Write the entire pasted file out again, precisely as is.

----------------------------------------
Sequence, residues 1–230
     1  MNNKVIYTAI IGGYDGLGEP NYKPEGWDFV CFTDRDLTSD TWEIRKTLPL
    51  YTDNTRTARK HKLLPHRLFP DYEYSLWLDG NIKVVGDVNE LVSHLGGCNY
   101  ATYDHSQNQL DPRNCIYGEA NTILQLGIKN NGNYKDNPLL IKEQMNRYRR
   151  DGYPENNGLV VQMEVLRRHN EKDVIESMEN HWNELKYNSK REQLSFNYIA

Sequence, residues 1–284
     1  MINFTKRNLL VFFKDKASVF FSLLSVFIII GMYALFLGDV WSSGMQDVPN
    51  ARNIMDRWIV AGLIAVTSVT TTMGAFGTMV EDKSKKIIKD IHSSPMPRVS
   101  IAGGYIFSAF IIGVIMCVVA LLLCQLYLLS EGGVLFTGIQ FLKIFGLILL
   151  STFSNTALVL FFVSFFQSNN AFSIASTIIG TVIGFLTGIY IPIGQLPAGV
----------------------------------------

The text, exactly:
Sequence, residues 1–230
     1  MNNKVIYTAI IGGYDGLGEP NYKPEGWDFV CFTDRDLTSD TWEIRKTLPL
    51  YTDNTRTARK HKLLPHRLFP DYEYSLWLDG NIKVVGDVNE LVSHLGGCNY
   101  ATYDHSQNQL DPRNCIYGEA NTILQLGIKN NGNYKDNPLL IKEQMNRYRR
   151  DGYPENNGLV VQMEVLRRHN EKDVIESMEN HWNELKYNSK REQLSFNYIA

Sequence, residues 1–284
     1  MINFTKRNLL VFFKDKASVF FSLLSVFIII GMYALFLGDV WSSGMQDVPN
    51  ARNIMDRWIV AGLIAVTSVT TTMGAFGTMV EDKSKKIIKD IHSSPMPRVS
   101  IAGGYIFSAF IIGVIMCVVA LLLCQLYLLS EGGVLFTGIQ FLKIFGLILL
   151  STFSNTALVL FFVSFFQSNN AFSIASTIIG TVIGFLTGIY IPIGQLPAGV